Legalization of Drugs


Such an issue stirs up moral and religious beliefs;
beliefs that are contrary to what America should "believe". 
However, such a debate has been apparent in the American
marketplace of ideas before with the prohibition of alcohol in
the 1920's. With the illegality of alcohol the mafia could
produce liquor and therefore had considerable control over those
who wanted their substance and service. The role that the mafia
played in the 1920's has transformed into the corner drug dealers
and drug cartel of the 1990's. The justification that legalized
alcohol under Amendment 21 in 1933 should also legalize drugs in
1996. With the legalization of drugs a decrease in deaths
related to drug deals would occur and also the price would lessen
because bigger businesses could produce drugs at a cheaper price. 
Thus, reducing crimes that are committed to support a drug habit. 
Another drug that has played a major role in American society is
nicotine. For hundreds of years, cigarettes have been a popular
legal drug within the United States. Only through legalization
and education has the popularity and the use of cigarettes
declined within the past ten years. Physically, the actual
consequences of using illicit drugs is much less than of using
drugs like alcohol or cigarettes and the consequences will be
diminished. Illicit drugs can and will be made safer than they
are in the present system. In making comparisons, the best is to
look at how countries are functioning that have less enforcement
on drugs and what the statistics were after drugs were
decriminalized. Within the last thirty years many groups have
their attempts. The use of drugs is a victimless crime much like
homosexuality. Homosexuals have fought for a great deal of
freedom that is based on their basic human rights; the right to
make decisions and act freely based on what is protected under
the Constitution, so long as anyone else is not affected. 
Economically, the production of drugs in the United States would
benefit the financial well being of the American government and
people. Taxes should immediately be placed on drugs thus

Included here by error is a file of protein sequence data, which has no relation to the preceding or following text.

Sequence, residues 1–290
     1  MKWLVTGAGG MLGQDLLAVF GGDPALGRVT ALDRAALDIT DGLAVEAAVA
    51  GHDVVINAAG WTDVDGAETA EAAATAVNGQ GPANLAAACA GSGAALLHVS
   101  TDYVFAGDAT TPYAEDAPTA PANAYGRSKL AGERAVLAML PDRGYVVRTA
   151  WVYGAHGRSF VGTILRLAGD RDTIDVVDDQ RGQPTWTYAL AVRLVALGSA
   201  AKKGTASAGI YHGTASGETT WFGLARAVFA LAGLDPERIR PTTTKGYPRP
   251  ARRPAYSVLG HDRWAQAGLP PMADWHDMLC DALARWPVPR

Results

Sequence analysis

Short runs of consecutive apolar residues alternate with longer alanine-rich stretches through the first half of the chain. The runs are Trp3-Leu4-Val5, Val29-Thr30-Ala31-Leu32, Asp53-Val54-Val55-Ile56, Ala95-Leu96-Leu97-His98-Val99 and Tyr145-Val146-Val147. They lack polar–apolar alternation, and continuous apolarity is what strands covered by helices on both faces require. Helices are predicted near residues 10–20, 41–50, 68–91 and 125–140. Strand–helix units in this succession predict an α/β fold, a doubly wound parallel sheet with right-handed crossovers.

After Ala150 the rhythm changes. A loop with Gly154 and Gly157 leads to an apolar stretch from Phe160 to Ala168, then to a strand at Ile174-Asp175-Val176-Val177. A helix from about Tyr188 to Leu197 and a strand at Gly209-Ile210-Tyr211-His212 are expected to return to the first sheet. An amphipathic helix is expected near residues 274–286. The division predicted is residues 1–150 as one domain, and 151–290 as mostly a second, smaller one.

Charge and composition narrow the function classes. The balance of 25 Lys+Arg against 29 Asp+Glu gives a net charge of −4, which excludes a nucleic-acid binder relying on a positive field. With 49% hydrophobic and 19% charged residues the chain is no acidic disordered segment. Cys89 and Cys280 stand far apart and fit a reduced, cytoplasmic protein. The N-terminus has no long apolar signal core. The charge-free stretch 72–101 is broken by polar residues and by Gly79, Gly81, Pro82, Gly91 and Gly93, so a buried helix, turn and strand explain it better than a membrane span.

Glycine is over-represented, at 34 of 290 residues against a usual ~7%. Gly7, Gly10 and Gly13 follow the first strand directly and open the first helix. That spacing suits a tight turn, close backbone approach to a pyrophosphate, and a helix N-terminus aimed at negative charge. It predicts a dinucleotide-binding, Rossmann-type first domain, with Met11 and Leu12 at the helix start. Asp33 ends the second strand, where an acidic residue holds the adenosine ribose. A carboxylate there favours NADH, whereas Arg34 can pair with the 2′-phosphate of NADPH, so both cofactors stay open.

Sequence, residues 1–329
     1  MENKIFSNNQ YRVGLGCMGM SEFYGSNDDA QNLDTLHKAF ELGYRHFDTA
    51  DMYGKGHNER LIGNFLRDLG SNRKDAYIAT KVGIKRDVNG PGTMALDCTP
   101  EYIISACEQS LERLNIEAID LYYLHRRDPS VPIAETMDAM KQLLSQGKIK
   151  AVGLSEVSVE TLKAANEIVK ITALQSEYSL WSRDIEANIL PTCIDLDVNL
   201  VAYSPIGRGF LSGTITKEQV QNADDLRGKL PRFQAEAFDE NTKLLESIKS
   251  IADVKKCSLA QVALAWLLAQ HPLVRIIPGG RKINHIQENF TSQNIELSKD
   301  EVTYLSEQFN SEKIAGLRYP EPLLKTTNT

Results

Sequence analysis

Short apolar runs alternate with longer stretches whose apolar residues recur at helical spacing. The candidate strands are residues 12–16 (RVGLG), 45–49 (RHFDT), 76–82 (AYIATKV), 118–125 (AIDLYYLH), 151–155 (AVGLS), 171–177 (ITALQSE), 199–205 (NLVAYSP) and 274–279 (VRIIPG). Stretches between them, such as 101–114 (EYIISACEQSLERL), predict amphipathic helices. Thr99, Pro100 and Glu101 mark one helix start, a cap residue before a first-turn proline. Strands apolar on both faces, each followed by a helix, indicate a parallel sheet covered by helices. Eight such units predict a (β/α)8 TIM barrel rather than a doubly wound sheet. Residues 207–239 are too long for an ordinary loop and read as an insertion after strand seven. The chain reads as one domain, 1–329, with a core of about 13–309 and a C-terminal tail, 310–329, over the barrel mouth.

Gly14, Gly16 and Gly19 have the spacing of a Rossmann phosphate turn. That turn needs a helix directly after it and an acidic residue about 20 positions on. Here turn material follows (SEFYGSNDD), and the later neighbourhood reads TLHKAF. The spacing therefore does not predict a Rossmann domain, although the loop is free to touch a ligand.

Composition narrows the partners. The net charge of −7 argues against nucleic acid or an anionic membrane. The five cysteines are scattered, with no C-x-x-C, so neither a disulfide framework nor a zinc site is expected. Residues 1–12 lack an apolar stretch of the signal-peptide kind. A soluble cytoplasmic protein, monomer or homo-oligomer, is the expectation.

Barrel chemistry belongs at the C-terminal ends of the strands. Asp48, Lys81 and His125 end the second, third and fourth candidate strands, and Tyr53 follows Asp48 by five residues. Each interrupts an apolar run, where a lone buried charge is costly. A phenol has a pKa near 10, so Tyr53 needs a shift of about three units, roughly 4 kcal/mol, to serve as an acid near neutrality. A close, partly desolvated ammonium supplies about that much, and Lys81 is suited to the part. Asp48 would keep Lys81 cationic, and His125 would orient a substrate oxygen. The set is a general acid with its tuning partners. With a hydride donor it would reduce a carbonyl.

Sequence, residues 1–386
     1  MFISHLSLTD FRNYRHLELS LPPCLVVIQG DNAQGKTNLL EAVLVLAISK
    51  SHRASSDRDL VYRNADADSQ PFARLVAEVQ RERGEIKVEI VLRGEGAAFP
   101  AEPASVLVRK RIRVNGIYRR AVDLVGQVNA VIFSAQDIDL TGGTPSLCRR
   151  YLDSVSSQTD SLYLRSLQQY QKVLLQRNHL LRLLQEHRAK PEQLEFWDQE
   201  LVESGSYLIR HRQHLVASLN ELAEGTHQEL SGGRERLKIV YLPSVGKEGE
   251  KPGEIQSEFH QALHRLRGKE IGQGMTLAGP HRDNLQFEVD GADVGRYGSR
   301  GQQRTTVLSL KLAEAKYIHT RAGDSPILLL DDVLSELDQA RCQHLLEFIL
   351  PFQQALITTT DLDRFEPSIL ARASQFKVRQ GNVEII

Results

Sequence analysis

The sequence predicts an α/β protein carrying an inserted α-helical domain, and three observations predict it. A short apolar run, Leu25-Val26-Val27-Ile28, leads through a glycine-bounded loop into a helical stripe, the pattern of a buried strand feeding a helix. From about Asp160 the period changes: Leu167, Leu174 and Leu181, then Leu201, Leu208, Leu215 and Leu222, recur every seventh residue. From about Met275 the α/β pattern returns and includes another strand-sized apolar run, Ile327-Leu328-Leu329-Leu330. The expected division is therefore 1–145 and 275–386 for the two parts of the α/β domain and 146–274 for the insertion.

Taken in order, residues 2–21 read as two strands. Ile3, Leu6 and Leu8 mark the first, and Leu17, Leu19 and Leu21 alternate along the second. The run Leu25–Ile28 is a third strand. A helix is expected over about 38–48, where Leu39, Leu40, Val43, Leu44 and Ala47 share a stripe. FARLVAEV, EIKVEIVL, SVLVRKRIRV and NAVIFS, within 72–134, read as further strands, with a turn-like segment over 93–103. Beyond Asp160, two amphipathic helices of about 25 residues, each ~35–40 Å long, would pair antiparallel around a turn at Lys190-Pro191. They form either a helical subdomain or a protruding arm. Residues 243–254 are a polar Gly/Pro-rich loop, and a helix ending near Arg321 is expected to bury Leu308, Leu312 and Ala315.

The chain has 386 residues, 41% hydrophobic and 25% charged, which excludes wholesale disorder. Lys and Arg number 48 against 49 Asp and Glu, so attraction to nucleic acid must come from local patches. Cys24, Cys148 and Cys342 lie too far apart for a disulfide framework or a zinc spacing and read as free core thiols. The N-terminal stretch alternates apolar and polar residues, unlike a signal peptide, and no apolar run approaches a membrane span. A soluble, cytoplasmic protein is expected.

resulting in a significant increase in government income. The
more money that government receives is more money that they can
put towards the education of how drugs effect the human mind and
body. Prohibition breeds disrespect for law©enforcement; the
agency that "should" hold the highest respect of the American
society. Money spent on prohibition is an overwhelming figure
that is not needed and is obviously accomplishing little. Those
who want to be controlled by a substance should have every right
to do so, because this right has equal jurisdiction as any other
human right that has emerged from the sea of oppression and
persecuted freedoms.

 The deaths resulting in the acquiring of alcohol 
have all but disappeared. When all non©medical dealings in 
alcohol were prohibited in the United States in 1919, the 
results were very similar to today's drug trade. Alcohol
quality was brewed illicitly; importers were considered 
criminals and behaved as such; protection rackets, bribes 
and gang warfare organized crime in the United States. 
(Boaz, p.118) The enforcement budget rose from $7 million 
in 1921 to $15 million in 1930, $108 million in 1988 
dollars. In 1926, the Senate Judiciary Committee produced a 
1,650-page report evaluating enforcement efforts and proposing 
reforms. In 1927, the Bureau of Prohibition was created to 
streamline enforcement efforts, and agents were brought 
under civil service protection to eliminate corruption and 
improve professionalism. In that same year, President 
Hoover appointed a blue-ribbon commission to evaluate
enforcement efforts and recommend reforms. Three years later
Prohibition was over and alcohol was legalized.(Boaz, pps.49©50) 
Immediately, the bootlegger stopped running around the streets
supplying illicit contraband. People stopped worrying about
drunks mugging them in the streets or breaking into their
apartments to get funds to buy a pint of wine. We now deal with
alcohol abuse as a medical problem. Let us deal with the drug
problem in the same way. Let us try not to repeat the mistakes
of the past by continuing to escalate a war that is totally
unnecessary.(Boaz, p.120) The repeal of alcohol prohibition
provides the perfect analogy. Repeal did not end alcoholism©©as